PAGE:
occasion, the royal authority was afterwards given for the word
"GUADALOUPE" to be displayed on its colours. Lieut.-Colonel Riall
received a medal for commanding a brigade.

In March, that portion of the regiment which had been left at
Grenada, joined at Guadaloupe; also a draft of ninety men from the
second battalion. Another draft of one hundred men joined from the
second battalion in July, under Lieut.-Colonel Barry, who assumed
the command of the regiment,--Lieut.-Colonel Riall proceeding to
Europe on leave of absence.

The health of the men soon afterwards suffered severely from
the effects of the climate of Guadaloupe, and two hundred and
seventy-six non-commissioned officers and soldiers died. The
survivors were moved to the Champ de Mars, and afterwards occupied
the convalescent posts of Matuba, Dolce, Vermont, and Vieux Fort.

[Sidenote: 1811]

[Sidenote: 1812]

The regiment remained at Guadaloupe during the year 1811; in
May, 1812, it was removed to St. Christopher's and stationed on
Brimstone-hill, under Lieut.-Colonel Davidson.

On the 21st of September, Lieut.-Colonel Renny joined with a
detachment of two serjeants, and one hundred and forty-six rank and
file, from the second battalion.

[Sidenote: 1813]

Several detachments also joined from the second battalion in 1813.

[Sidenote: 1814]

After commanding the regiment twenty years, General Powell died
in the summer of 1814, and was succeeded in the colonelcy by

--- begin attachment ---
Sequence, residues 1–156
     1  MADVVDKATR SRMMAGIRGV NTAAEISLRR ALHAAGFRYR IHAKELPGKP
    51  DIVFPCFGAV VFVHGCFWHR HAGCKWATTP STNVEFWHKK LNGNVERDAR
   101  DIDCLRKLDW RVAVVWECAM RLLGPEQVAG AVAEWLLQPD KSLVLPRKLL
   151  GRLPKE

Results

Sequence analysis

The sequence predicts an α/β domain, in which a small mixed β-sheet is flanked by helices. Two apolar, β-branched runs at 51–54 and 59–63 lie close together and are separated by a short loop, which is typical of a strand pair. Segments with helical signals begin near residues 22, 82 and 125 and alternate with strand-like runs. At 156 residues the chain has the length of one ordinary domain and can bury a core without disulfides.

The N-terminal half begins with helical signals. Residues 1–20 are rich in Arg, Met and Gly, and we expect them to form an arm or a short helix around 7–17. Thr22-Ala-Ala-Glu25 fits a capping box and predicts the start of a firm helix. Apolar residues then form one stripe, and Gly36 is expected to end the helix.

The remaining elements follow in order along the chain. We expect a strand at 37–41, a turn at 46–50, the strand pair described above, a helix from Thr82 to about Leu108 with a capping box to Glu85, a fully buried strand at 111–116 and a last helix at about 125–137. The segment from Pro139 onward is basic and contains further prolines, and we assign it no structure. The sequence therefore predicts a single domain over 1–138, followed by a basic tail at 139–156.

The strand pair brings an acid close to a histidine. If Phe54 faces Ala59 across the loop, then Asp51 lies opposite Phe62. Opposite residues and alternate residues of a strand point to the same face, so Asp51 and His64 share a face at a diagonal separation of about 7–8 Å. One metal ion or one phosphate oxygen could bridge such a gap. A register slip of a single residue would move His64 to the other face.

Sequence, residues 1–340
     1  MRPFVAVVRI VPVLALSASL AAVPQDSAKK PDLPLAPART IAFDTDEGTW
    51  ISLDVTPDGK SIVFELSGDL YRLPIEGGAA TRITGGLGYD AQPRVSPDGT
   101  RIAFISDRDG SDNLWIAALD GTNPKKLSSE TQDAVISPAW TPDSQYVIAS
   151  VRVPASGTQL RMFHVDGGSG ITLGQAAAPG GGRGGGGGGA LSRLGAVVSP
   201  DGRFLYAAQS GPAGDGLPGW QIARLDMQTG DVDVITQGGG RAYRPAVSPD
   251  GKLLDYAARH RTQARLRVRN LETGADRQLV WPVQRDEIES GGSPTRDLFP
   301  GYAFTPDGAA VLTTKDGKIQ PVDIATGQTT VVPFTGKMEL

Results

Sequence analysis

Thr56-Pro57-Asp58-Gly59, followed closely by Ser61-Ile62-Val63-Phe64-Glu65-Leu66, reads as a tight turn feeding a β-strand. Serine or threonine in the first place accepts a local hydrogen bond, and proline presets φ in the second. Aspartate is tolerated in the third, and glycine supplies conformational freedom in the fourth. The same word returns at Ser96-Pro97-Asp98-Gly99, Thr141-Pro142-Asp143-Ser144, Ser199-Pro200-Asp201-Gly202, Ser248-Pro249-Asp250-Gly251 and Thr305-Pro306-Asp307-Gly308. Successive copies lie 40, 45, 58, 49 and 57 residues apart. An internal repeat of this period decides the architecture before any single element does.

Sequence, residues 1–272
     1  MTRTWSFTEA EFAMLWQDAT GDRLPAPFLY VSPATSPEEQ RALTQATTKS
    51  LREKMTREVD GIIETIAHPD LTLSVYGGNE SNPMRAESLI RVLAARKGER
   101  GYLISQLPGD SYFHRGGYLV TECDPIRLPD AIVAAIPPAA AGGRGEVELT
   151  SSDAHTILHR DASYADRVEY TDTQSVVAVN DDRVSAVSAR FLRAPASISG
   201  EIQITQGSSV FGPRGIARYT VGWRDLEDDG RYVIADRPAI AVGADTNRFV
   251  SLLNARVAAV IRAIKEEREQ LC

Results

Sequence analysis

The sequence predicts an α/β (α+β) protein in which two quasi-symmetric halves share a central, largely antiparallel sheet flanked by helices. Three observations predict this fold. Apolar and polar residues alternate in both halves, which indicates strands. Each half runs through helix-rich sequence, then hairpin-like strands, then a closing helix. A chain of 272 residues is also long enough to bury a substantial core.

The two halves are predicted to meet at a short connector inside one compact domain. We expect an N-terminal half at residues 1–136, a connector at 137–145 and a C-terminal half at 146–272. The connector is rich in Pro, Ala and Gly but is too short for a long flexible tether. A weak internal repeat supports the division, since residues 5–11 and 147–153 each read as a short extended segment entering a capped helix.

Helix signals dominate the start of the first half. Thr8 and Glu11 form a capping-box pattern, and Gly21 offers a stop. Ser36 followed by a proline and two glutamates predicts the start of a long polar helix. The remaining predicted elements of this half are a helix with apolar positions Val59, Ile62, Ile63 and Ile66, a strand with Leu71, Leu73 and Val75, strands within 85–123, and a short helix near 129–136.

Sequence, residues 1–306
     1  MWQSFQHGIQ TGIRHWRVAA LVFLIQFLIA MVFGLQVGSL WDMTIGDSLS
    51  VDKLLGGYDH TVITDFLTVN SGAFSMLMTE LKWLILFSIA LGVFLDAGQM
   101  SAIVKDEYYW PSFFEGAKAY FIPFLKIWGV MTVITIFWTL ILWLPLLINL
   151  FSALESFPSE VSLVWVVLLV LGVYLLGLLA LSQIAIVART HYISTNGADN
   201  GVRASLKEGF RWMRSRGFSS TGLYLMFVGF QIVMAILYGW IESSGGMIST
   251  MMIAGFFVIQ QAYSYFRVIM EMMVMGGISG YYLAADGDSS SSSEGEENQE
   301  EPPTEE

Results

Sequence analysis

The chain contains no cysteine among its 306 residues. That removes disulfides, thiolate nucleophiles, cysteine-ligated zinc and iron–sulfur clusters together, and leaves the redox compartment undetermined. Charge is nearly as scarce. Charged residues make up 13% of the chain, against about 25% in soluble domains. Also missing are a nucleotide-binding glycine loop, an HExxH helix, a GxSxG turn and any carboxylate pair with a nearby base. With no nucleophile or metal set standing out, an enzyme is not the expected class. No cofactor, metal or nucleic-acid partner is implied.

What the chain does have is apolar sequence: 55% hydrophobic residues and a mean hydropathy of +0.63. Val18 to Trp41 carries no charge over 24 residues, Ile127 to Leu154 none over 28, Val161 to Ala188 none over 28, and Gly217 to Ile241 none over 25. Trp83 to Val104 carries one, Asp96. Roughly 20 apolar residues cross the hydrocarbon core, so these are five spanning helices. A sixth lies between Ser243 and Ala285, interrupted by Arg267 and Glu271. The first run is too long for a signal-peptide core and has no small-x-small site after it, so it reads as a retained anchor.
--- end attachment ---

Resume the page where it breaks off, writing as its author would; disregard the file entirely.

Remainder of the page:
Lieut.-General Moore Disney, from major in the first foot guards.

The victories of the British troops, in the Peninsula and the
south of France, having accomplished the reduction of the power of
Napoleon Buonaparte, and the restoration of the house of Bourbon to
the throne of France, a general peace was proclaimed, the army was
reduced, and the second battalion of the FIFTEENTH was disbanded
in October, 1814, on the island of Jersey, whither it had proceeded
in June, 1811: its services had been limited to Great Britain and

[Sidenote: 1815]

Early in 1815, the men of the late second battalion embarked
to join the regiment at the island of St. Christopher; but the
transports encountered much severe weather, and were forced
into Falmouth harbour, and the soldiers landed. At this period,
Buonaparte had violated the treaty of 1814, and regained the
throne of France. War immediately followed; and His Royal Highness
the Prince Regent directed the second battalion of the FIFTEENTH
regiment to be re-formed; this took place accordingly, and the men
who had landed at Falmouth proceeded to Guernsey, where they were
joined by the depôt.

The French troops on the islands of Martinique and Guadaloupe
evinced a disposition to renounce their allegiance to Louis
XVIII., and proclaim Buonaparte, and the former island was taken
possession of by British troops in June; at _Guadaloupe_, the
Emperor Napoleon was proclaimed on the 18th of June, a day fatal
to his power on the field of Waterloo; and the first battalion of
the FIFTEENTH regiment proceeded from St. Christopher to Barbadoes,
from whence it sailed with the expedition against Guadaloupe, under
Lieut.-General Sir James Leith. A landing was effected on the
island on the 8th of August, and the French troops were speedily